Days after delivering a call to defeat superbugs, Mr Cameron was urged not to wait for the outcome of a two-year review addressing the problem.
Steps had to be taken now to ensure antibiotics were no longer given to people and animals inappropriately, said the Science and Technology Committee.
There was also a need for more Government-funded research, better training of doctors, public awareness campaigns, and "rapid and accurate diagnostic tests", the committee found.
A report from the MPs said: "The unnecessary prescription of antibiotics has contributed to the acceleration of antibiotic resistance."
Last week Mr Cameron announced the appointment of former Goldman Sachs chief economist Jim O'Neill as head of an expert group conducting the new review, which will focus on the global problem of drug resistance.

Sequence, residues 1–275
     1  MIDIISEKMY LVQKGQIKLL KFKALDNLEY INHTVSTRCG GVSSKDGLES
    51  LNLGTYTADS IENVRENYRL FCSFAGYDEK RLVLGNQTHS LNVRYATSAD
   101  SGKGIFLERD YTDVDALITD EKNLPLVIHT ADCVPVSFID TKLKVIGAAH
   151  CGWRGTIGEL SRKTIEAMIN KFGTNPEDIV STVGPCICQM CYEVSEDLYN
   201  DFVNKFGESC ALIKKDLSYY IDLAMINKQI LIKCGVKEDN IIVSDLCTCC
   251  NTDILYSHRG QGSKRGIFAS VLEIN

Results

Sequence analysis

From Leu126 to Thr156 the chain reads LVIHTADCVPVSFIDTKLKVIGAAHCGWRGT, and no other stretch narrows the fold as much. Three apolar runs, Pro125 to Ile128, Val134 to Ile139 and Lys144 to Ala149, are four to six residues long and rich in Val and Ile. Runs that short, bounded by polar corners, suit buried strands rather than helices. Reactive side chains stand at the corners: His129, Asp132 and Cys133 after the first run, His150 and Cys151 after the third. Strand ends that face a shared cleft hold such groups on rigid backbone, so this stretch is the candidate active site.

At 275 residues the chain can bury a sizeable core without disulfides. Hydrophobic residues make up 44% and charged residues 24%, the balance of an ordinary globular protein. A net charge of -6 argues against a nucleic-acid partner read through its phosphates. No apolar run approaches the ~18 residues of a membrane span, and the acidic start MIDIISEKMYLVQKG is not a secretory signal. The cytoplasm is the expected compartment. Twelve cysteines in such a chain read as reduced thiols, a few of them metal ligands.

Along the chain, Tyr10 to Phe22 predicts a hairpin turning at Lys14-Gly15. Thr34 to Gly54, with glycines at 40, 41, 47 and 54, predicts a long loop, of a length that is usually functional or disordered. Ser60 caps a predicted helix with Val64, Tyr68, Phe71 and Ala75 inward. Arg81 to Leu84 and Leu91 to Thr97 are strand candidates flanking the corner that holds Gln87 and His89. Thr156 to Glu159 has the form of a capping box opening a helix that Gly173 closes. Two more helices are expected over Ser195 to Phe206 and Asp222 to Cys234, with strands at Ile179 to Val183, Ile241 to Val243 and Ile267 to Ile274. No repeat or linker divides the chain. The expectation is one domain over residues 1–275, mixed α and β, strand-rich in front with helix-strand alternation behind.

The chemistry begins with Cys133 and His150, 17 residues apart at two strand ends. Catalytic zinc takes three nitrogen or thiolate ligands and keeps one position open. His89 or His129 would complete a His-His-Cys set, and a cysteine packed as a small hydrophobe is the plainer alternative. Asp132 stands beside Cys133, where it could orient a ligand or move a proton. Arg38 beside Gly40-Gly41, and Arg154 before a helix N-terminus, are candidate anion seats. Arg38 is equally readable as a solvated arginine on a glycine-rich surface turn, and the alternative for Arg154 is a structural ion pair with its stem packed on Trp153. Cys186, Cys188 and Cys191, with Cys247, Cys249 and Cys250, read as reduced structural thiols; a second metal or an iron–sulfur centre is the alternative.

The report stressed policy on antibiotics had to be evidence-based, adding: "There is a lack of data on the post-prescription behaviour of patients, and we suggest the Government develops a system for monitoring this.
"Furthermore, there is a lack of information and evidence on the link between resistance in animal pathogens, the environment, and resistance in human pathogens.
"The Government cannot rely on the notion that curiosity-driven research will provide the information it needs and must plan to fund necessary research directly."